Detail may not add to total because of rounding. R&D activity is based on unedited company responses to innovation questions, not R&D expenditures. Statistics are representative of companies located in the United States.

Source(s):

National Center for Science and Engineering Statistics and Census Bureau, Annual Business Survey, 2017.

Novelty of Product Innovation

As defined in the Oslo Manual, innovation must contain a degree of novelty. Products that are new to the market are assumed to have a higher degree of novelty than are products that are new only to the business. Nine percent of all companies in the ABS introduced a new or significantly improved product during 2015–17 that was new to the market, whereas 17% of companies introduced product innovations that were new only to the firm (table 5). In the manufacturing sector, 18% said they introduced products new to the market and 24% introduced product innovations as new only to the firm. In the nonmanufacturing sector, these rates were 9% and 16%.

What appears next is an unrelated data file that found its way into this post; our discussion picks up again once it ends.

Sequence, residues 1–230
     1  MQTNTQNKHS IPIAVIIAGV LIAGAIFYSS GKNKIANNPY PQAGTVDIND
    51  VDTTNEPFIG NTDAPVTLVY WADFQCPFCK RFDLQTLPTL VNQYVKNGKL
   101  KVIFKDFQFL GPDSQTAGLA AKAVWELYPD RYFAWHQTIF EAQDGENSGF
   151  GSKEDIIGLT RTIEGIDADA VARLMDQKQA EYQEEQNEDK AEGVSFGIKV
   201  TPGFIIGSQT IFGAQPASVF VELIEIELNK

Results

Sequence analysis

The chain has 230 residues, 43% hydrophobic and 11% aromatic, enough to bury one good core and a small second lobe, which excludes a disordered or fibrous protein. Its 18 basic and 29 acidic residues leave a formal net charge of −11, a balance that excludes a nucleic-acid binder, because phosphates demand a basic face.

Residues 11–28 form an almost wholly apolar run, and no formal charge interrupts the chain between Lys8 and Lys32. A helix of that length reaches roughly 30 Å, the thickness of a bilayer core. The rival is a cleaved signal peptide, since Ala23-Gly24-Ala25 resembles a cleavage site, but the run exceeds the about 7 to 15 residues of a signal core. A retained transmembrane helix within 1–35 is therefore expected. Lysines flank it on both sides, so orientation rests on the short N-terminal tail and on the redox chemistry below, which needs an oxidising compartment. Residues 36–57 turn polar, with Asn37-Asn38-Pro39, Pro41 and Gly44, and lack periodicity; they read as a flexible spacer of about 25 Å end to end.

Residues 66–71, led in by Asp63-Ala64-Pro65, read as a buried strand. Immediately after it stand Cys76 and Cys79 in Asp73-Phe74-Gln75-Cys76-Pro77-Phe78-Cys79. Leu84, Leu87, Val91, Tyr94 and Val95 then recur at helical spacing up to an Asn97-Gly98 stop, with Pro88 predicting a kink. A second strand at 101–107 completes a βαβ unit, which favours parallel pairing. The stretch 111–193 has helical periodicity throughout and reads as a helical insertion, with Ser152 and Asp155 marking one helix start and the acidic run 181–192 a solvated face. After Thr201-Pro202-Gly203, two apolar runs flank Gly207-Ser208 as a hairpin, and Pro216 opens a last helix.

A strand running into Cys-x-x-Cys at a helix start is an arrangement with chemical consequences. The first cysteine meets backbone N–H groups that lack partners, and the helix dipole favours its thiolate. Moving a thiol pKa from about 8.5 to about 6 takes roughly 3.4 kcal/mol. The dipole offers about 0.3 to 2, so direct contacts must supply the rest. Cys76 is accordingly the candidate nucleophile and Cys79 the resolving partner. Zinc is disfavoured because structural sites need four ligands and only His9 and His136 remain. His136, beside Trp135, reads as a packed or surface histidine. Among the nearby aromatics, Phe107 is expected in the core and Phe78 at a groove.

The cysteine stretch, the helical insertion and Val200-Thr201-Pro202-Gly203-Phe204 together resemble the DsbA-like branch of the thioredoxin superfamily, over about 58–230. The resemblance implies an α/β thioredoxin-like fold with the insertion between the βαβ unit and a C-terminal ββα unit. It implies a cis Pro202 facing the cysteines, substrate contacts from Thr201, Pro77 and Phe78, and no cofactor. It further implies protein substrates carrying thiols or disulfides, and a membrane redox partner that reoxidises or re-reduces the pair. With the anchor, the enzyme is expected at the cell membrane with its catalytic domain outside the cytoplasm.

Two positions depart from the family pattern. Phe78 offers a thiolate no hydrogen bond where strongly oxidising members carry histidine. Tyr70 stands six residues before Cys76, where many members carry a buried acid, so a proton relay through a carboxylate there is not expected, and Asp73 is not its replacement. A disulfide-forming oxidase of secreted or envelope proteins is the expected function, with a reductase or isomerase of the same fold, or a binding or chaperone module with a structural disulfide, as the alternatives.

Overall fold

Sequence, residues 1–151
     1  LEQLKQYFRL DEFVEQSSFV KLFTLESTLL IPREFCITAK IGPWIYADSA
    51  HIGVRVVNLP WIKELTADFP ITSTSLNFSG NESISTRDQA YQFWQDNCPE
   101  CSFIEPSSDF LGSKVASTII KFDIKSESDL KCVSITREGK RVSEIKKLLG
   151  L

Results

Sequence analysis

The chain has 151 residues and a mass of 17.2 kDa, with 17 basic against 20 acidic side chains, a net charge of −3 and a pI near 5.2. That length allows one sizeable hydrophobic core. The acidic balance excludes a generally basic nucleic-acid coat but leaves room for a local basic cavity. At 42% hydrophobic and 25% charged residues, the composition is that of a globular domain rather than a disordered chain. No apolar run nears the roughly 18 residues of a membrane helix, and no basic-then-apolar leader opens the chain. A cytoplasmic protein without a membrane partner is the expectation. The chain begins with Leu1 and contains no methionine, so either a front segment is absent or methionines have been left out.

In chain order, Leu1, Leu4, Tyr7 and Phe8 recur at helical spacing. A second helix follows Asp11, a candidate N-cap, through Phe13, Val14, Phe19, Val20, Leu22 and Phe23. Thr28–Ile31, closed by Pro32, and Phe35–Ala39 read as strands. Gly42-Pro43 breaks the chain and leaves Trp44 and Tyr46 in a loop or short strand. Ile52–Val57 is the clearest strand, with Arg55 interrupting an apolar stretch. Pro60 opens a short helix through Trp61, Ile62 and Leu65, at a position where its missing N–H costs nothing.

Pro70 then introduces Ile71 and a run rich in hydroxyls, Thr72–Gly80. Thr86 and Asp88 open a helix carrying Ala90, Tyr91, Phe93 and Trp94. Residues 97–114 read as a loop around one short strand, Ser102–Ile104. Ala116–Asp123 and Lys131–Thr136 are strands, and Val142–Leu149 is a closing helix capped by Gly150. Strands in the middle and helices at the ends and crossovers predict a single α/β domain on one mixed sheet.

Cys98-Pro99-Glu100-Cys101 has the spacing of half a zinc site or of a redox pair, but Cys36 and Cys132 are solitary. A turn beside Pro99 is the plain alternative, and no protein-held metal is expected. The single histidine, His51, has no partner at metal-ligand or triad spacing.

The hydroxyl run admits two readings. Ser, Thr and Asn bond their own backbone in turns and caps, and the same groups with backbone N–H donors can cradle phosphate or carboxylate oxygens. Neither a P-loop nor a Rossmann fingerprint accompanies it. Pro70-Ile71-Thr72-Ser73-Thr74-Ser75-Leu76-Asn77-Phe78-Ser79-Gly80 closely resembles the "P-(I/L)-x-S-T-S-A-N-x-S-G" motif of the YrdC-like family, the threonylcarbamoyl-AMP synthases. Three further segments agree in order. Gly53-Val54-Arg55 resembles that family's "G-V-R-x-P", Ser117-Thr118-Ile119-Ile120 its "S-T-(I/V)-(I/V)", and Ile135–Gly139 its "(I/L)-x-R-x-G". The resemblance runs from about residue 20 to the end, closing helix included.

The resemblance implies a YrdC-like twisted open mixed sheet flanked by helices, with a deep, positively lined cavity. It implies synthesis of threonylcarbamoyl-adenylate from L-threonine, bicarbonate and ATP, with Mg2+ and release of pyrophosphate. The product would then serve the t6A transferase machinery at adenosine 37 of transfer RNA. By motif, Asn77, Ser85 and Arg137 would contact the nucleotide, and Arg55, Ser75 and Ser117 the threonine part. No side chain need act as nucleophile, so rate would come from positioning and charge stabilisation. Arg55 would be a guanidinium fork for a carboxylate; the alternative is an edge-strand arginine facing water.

Companies with new to the business and new to the market product innovation, by industry: 2015–17

(Number and percent)

NAICS = 2017 North American Industry Classification System.

Note(s):

Detail may not add to total because of rounding. Industry classification based on dominant establishment payroll. Statistics are representative of companies located in the United States.

Source(s):

National Center for Science and Engineering Statistics and Census Bureau, Annual Business Survey, 2017.